Practical Implications:

    These findings should be of interest to regulators (e.g., ACAP and Department of Treasury) that have focused efforts on assessing the sustainability of the audit profession. However, the results can be viewed as good news in terms of the overall risk level of the Big 4 client portfolio, but possibly as bad news if regulators believe the Big 4 firms are the most qualified to provide audit services to riskier clients and should not use market forces as an excuse to shed or avoid these riskiest clients.

    Citation:

    Schroeder, J. H., and C. E. Hogan. 2013. The Impact of PCAOB AS5 and the Economic Recession on Client Portfolio Characteristics of the Big 4 Audit Firms. Auditing: A Journal of Practice & Theory 32 (4): 95-127.

    Keywords:
    audit risk, auditor portfolio, economic recession, PCAOB Auditing Standard No. 5 (AS5), Sarbanes-Oxley Act
    Purpose of the Study:

    The accounting scandals of the early 2000s, and the resulting loss of investor confidence in the U.S. capital markets, led to significant changes in the U.S. audit market. These changes include a decrease in the number of large international audit firms from five to four with the demise of Andersen, an increase in regulatory scrutiny with the passage of the Sarbanes-Oxley Act of 2002 (SOX) and the establishment of the Public Company Accounting Oversight Board (PCAOB), as well as an increase in the demand for assurance services associated with SOX Section 404.

    The authors examine the impact of PCAOB Auditing Standard No. 5 (AS5) and the economic recession on risk characteristics and degree of auditor/client misalignment in the publicly traded client portfolios of Big 4 firms. AS5 and the economic recession both likely resulted in an increase in audit firm personnel capacity as well as a decline in current and future revenue prospects, leading to concerns that the Big 4 firms may pursue clients that present greater risk to the portfolio.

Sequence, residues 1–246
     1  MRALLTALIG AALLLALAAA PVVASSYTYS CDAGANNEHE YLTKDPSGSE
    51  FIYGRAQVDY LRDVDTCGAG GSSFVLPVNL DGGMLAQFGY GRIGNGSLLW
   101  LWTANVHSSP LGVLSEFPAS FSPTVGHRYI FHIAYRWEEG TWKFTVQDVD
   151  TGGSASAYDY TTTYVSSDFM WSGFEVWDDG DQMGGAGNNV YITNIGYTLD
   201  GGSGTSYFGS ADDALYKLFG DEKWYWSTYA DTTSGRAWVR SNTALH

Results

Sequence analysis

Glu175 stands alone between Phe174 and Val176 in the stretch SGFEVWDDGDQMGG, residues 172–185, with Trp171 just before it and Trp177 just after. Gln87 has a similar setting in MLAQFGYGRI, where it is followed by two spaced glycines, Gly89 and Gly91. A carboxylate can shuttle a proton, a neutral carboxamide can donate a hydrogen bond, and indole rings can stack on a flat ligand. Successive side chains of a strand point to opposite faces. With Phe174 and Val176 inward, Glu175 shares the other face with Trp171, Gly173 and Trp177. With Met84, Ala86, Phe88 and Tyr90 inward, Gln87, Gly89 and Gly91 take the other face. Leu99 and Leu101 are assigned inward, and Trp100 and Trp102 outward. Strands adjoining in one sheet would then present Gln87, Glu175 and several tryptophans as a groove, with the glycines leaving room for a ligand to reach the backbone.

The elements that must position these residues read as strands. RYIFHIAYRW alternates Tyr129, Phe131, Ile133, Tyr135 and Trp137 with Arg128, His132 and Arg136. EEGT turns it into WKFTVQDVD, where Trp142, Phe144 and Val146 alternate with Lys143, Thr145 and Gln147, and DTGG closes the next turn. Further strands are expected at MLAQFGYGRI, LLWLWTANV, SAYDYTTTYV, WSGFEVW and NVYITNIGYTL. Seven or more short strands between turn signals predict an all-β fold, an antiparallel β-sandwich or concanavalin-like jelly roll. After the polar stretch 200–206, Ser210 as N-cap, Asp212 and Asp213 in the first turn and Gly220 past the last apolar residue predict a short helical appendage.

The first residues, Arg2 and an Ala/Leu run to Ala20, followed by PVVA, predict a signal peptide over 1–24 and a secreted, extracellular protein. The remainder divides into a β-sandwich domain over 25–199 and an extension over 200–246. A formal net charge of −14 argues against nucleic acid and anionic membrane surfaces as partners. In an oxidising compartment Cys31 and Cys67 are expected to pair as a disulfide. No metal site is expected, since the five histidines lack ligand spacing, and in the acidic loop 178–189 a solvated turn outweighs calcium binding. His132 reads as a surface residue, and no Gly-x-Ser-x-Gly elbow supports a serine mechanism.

Design/Method/ Approach:

    Using Audit Analytics and Compustat the authors compile a sample for 20,736 firm-year observations. The pre-AS5/recession period is from 2002 through November 14, 2007 and the post-AS5/recession period is from November 15, 2007 through 2009. 

    Findings:
    • During the post-AS5/economic recession period the authors continue to see a net loss of clients to the non-Big 4 level; however, at a lower rate than documented during the pre-AS5/recession period.
    • When comparing the overall Big 4 portfolio characteristics, the authors find that the public client portfolio in 2009 presents greater financial risk, but lower audit risk and auditor business risk relative to 2006 (last year of the pre-AS5 period).
    • The net increase in financial risk is attributable to the impact of the economic recession on continuing clients.
    • The net decrease in audit and auditor business risks is also attributable to clients that remain in the portfolio over this period, as post-AS5/recession increases in audit risk and auditor business risk for new clients is offset by reductions due to departing clients.
    • The overall portfolio has a lower percentage of misaligned” clients in 2009 relative to 2006.
    • The findings suggest the Big 4 firms have continued to balance their portfolios with risk in mind, and continue to reduce the percentage of misaligned clients, consistent with portfolio trends of Big 4 firms documented in earlier post-Enron/SOX studies.